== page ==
|Netflix||Numerous libraries including Netflix US, UK, Australia, Japan, and France||No|
|Amazon Prime Video||Yes||No|
|BBC iPlayer||Yes (via MediaStreamer)||No|
Aside from improving your online security, VPNs can be used to access region-locked platforms from abroad. As you can see in the table above, ExpressVPN fared particularly well in our tests. It unblocks a wide range of services including some of the ones that VPNs tend to struggle with: Netflix, BBC iPlayer, and Amazon Prime Video.
TunnelBear had mixed success in our tests. Although it was able to unblock a few platforms like NBC and ITV Hub, it struggled with most of the major streaming services we tried. Further, it couldn’t unblock a single Netflix library. This isn’t unusual for a free service, but as many low-cost VPNs can unblock Netflix US at the very least, TunnelBear falls short in this regard.
China has some of the widest-reaching internet restrictions in the world and most VPNs simply won’t work on the mainland. Fortunately, ExpressVPN and TunnelBear both work in China, although their websites are blocked by the Great Firewall. This means that once in China, you won’t be able to download either app, so be sure to install your chosen VPN before arriving.
There are no special steps required to use ExpressVPN in China: just connect like you normally would and you’ll be able to access any website you like. TunnelBear users have to enable a setting that scrambles their traffic, hiding the fact that you’re using a VPN. To do this, just click the gear icon, then open the Security tab and enable the GhostBear option.
Setup and interface
|Automatic setup wizard||Windows, MacOS, Android, iOS, Linux, some routers||Windows, Android, MacOS, iOS|
|Main location selection||List-based||Map-based/List-based|
|Extra settings pages||Yes||Yes|
Both of these services have excellent, intuitive desktop apps. ExpressVPN’s puts a quick-connect button front and center and allows you to quickly change location from the main screen. There’s a separate page for options, which uses tabs to keep things organized and easy to find. ExpressVPN enables you to run a speed test directly from the app, which is helpful for comparing speeds before and after connecting.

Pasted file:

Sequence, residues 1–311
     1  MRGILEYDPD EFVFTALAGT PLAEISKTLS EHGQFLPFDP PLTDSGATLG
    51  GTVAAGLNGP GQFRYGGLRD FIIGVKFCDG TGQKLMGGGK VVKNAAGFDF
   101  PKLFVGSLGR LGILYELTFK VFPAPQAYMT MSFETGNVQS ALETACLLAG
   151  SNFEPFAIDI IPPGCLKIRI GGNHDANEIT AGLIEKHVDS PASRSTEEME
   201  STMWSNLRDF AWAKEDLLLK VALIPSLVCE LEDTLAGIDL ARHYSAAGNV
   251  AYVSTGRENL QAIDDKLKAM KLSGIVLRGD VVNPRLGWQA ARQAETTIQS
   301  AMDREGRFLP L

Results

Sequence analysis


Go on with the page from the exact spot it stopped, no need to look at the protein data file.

TunnelBear dedicates the majority of its main screen to a map. Users can either click on a country to connect or select one from the drop-down list at the top of the screen. You can also click an icon in the sidebar to go to the settings page. All of TunnelBear’s options are controlled with simple toggle switches, meaning it’s easy to go back if you change a setting and accidentally break something.
ExpressVPN’s mobile app looks exactly the same as its desktop one, although there are fewer options to choose from. You can only connect via OpenVPN protocols, for instance, and you can’t enable (or disable) leak protection. The most important features remain though, so you can still activate the kill switch, automatically connect on startup, and use split-tunneling.
TunnelBear also looks strikingly similar across desktop and mobile devices. However, the ability to automatically protect your wifi is no longer present and neither is the ability to connect on startup. In fact, of the six available options, only three actually impact the VPN, while the others are purely cosmetic.
Further, as all of TunnelBear’s features have bear-themed names, it’s difficult to tell what they actually do. For future reference, “GhostBear” scrambles your traffic, “VigilantBear” activates the kill switch, and “SplitBear” enables split-tunneling.
Servers and performance
ExpressVPN covers more countries than any other major provider, although it does use virtual servers (which mostly route traffic via Singapore or the Netherlands) in a few remote regions. In contrast, TunnelBear only has servers in 21 countries. This is particularly impressive for a free VPN but fairly underwhelming for a paid service.